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Admirals HardAdmirals Hard
Album: Upon A Painted Ocean
Label: Believers Roast
Tracks: 13

Admirals Hard is a group of like-minded friends with a shared taste for the "real-deal" nautical music experience. They were formed in 2002 by Cornishman Andy Carne, who during a spell of exile in London contacted fellow West Country ex-pat musician friends to enlist their help in bringing new life to the music he'd been singing since childhood. Although they were mainly involved in left-field, experimental rock bands, some also had experience in the world of traditional folk music, so were game for the prospect!

Now, after over a decade of roof-raising in the pubs and clubs of London and the south-west, they've got around to making their debut CD. Its repertoire straddles the maritimes, with the emphasis on entertainment, on a selection of well-bedded-in and mostly well-known traditional nautical songs and shanties. Interestingly though, for a group described by Andy as a "sea-shanty band", the most successful tracks to my mind are not the intentionally rousing "bread-and-butter" shanties but those in which the musicians' experimental spirit comes to the fore. For instance, there's an expansive, extended (seven-minute) nu-folk-style treatment of epic ballad Rounding The Horn (aka Gallant Frigate Amphitrite) that would do Owl Service proud, and album closer Martin Said To His Man is given a decidedly mournful minor-mode twist in the setting that proves intensely refreshing in a curious sort of way. The disc's deliberate instrumental interlude (a medley starting with The Random Jig) is superbly niftily dispatched, and indicative of the accomplished and animated standard of the playing (the coda to All For Me Grog is similarly sprightly). In fact, a trifle unusually for an outfit that specialises in performing sea shanties and maritime fare in general, there's a fair amount of instrumentation backing the lively vocals: the settings are often quite prominently guitar-driven, with electric bass support, while more interesting foreground and background colourings are provided by harmonium, hurdy gurdy, melodeon and hammered dulcimer with occasional appearances by mandolin, flute, percussion and electric guitar. There's certainly a spirit of adventure in the group's instrumental arrangements, even though (as in the middle stages of the CD) the insistent guitar rhythm can get a bit monotonous after a while, there's better contrast towards its close.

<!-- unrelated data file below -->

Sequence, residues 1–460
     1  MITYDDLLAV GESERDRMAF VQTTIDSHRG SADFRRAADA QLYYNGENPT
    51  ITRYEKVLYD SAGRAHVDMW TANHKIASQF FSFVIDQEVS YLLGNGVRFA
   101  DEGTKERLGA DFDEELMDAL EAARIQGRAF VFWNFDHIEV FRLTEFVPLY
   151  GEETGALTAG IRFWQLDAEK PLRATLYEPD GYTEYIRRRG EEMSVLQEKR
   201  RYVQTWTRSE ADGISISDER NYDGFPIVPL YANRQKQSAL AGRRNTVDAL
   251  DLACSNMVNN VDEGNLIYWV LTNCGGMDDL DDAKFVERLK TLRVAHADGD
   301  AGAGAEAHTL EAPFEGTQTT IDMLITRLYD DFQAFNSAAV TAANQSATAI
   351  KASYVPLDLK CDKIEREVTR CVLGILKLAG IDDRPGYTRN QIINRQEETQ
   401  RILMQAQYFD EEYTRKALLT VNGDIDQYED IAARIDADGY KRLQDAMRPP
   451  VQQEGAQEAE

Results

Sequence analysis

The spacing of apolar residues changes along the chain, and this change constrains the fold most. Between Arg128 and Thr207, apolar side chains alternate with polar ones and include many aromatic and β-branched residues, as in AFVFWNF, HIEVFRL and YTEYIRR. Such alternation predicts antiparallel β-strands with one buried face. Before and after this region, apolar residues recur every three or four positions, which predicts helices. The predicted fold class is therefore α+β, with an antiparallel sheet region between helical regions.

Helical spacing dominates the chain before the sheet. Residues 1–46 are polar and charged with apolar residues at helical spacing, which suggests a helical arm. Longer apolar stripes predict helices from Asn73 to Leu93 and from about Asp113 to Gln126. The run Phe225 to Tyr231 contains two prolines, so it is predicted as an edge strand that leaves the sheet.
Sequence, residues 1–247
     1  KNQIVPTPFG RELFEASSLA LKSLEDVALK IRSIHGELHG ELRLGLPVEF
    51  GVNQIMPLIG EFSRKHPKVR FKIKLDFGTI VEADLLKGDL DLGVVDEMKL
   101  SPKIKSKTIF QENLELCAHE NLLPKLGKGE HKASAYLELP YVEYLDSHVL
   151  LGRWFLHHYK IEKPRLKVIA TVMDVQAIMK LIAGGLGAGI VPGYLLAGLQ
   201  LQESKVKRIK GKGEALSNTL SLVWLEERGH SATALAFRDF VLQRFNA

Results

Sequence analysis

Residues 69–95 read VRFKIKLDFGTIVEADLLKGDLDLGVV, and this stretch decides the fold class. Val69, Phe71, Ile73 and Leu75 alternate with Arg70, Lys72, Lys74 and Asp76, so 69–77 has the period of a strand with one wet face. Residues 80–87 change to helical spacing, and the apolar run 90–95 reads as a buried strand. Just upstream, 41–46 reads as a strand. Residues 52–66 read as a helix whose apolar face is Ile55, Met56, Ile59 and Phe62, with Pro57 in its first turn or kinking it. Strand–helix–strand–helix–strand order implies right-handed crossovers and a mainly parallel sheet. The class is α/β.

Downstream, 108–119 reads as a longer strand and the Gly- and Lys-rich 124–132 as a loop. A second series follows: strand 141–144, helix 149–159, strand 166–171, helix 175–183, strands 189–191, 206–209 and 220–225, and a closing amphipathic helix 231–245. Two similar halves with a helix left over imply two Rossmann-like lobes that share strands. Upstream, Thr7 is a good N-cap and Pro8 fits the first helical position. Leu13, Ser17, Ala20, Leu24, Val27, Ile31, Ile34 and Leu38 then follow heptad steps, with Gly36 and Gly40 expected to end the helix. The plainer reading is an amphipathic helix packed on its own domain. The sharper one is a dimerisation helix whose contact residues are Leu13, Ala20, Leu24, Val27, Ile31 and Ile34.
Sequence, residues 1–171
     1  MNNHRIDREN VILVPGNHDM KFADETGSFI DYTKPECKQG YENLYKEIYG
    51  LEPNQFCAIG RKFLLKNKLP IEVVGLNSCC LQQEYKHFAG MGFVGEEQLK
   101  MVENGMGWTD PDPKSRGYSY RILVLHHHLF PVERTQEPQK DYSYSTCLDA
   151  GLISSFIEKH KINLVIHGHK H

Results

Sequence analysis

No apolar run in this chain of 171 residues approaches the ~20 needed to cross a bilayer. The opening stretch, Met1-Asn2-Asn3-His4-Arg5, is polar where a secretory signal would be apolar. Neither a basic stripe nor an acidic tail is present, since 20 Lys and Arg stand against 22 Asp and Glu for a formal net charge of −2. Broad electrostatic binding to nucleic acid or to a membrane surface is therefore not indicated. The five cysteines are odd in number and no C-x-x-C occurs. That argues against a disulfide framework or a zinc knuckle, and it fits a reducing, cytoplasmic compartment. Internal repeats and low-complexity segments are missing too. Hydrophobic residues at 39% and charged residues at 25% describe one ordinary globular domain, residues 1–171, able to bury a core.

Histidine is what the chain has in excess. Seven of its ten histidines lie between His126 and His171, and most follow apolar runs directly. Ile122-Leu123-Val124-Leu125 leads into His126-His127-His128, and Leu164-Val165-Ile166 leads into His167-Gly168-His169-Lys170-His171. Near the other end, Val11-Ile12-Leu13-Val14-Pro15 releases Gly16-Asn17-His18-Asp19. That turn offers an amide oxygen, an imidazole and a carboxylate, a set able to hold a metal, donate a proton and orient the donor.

It may come as a bit of a surprise to maritime music aficionados (who tend to be accustomed to lusty-voiced, unaccompanied shanty crews) that the opening number, Boney Was A Warrior, is the only track performed a cappella - especially surprising in view of the fact that all seven group members are credited with vocals. However, this last point does at least give Admirals Hard a healthy degree of variety and flexibility when it comes to swopping leads and taking verses or call-and-response refrains in turn-and-turn-about fashion, and the group makes good use of the vocal abilities and qualities of the individual singers. Interestingly too, they include a female singer (Sarah Measures) in their complement.

Fittingly, this CD was recorded pretty much live, and the sheer spirit of the ensemble certainly comes across in the infectious good humour of the performances. Mostly it sounds just like a bunch of mates having a good time and carrying the audience along with them. OK, so there's also a nagging suspicion at times that the crew are enjoying themselves a little too much, playing to the gallery for comic effect (Blow The Man Down) or indulging in overly "dramatic" rallentandi (Hullabaloo Belay), all of which may be suitably fun live but can pall on CD when on replay. Also, some of the vocal work errs on the side of traditionally-mummerset-jolly (raised on a diet of the Yetties), as on The Eddystone Light and The Broadside Man. And I guess the Whip Jamboree/Let The Bulgine Run combo overstays its welcome a touch.

Final judgement? Well although with Admirals Hard one never quite feels the force of seven strong voices all singing together, even on the most raucous choruses, this group's blend and sound is (all things considered) both believable and valid as an accessible and at times stimulating alternative to the full-on bluster of a full-strength, full-time shanty-crew. And taking on board the group members' considerable instrumental chops, Admirals Hard certainly have plenty going for them - especially when they get down to refining their repertoire and taking some more chances.

David Kidman